• Regulating Blood Sugar Levels: By enhancing insulin sensitivity and helping in glucose control, resistance training can be a valuable tool in preventing diabetes, a risk factor for CVD.
  • Weight Management: Building muscle mass through resistance training increases metabolic rate, aiding in weight control and reducing obesity-related heart disease risks.

Recommended Amount of Resistance Training

The American Heart Association suggests incorporating muscle-strengthening activities at least two days a week. These sessions should target the major muscle groups, including legs, hips, back, abdomen, chest, shoulders, and arms. While there's no one-size-fits-all recommendation for the duration of each session, starting with a minimum of one set of 8-12 repetitions for each exercise, and gradually increasing to two or three sets as strength improves, is advised.

Exercise Intensity and Its Effects

The intensity of workouts significantly influences the benefits received. Moderate to high-intensity aerobic exercise is well-documented for its cardiovascular benefits. When it comes to resistance training, both moderate and high intensities are beneficial, but they serve different purposes:

  • Moderate-intensity resistance training is effective for beginners and promotes muscular endurance.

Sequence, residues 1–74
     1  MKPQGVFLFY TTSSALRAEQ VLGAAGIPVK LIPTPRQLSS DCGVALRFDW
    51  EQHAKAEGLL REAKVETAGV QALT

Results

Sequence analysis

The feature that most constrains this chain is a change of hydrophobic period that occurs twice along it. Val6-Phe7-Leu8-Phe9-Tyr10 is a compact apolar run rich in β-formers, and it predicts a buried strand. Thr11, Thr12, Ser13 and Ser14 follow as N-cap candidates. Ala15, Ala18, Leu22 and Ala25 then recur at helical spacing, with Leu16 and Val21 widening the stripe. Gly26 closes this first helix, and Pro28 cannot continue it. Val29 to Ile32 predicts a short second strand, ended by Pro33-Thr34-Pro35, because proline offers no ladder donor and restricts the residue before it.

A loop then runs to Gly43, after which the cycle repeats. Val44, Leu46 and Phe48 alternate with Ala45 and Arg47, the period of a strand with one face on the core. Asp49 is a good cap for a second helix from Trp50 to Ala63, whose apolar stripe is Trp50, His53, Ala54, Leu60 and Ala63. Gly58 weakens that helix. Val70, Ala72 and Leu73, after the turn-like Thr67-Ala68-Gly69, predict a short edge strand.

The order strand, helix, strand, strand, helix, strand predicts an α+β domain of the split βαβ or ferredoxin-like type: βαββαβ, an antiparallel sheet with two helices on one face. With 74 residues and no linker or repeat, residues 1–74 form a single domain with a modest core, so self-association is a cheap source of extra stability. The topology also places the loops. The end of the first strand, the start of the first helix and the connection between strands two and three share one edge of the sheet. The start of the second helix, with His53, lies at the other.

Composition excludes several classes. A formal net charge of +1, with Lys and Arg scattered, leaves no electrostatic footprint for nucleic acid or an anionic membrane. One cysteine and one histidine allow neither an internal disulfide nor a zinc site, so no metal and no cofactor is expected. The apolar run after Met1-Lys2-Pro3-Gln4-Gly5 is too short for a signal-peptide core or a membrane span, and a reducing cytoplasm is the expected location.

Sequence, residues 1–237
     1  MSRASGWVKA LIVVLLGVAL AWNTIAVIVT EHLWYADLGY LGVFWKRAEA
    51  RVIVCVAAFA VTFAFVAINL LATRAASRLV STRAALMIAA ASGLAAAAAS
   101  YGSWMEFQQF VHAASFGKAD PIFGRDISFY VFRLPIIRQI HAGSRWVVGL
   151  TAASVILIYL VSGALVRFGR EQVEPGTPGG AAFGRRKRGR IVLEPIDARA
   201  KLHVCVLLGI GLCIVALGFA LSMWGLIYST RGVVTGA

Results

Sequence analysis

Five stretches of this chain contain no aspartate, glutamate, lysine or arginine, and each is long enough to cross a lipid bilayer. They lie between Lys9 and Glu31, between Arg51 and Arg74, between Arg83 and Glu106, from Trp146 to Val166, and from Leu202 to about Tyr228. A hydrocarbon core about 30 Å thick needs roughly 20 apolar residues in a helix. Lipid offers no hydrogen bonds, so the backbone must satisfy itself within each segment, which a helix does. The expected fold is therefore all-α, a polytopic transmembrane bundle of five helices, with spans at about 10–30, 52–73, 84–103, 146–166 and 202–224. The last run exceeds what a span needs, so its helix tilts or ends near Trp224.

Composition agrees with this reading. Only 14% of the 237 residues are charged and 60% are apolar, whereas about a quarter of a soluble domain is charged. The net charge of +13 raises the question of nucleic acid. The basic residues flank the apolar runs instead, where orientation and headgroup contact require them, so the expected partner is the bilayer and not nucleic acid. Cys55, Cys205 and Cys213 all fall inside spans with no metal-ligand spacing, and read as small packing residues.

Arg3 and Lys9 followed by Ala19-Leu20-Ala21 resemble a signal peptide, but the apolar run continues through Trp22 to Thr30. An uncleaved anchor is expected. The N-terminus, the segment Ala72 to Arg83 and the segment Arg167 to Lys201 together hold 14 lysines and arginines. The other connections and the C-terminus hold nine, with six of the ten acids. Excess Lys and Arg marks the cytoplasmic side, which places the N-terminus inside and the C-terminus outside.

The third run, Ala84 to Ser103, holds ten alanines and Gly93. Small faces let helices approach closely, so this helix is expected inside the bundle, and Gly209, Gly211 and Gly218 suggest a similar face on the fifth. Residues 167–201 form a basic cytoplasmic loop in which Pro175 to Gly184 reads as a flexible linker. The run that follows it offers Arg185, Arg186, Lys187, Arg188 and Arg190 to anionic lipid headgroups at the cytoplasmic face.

• High-intensity resistance training challenges the muscles closer to their maximum capacity, leading to greater strength gains and potentially more significant cardiovascular benefits.

Crucially, it's not just the type or intensity of exercise that matters but the consistency and integration of these activities into a regular routine that contribute to heart health.

Implementing the Findings

For those looking to optimize their exercise regimen for heart health, incorporating both aerobic and resistance training offers a comprehensive approach. A balanced routine could include:

  • Aerobic activities such as brisk walking or cycling on most days of the week, aiming for at least 150 minutes of moderate-intensity or 75 minutes of high-intensity exercise weekly.
  • Resistance training on two or more days, ensuring all major muscle groups are engaged.